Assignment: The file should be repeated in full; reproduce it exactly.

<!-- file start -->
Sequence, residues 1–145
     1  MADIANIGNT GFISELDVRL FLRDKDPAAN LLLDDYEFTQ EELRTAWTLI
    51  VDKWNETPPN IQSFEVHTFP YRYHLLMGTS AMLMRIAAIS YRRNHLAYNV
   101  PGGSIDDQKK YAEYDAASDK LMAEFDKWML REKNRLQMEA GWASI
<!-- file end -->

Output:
Sequence, residues 1–145
     1  MADIANIGNT GFISELDVRL FLRDKDPAAN LLLDDYEFTQ EELRTAWTLI
    51  VDKWNETPPN IQSFEVHTFP YRYHLLMGTS AMLMRIAAIS YRRNHLAYNV
   101  PGGSIDDQKK YAEYDAASDK LMAEFDKWML REKNRLQMEA GWASI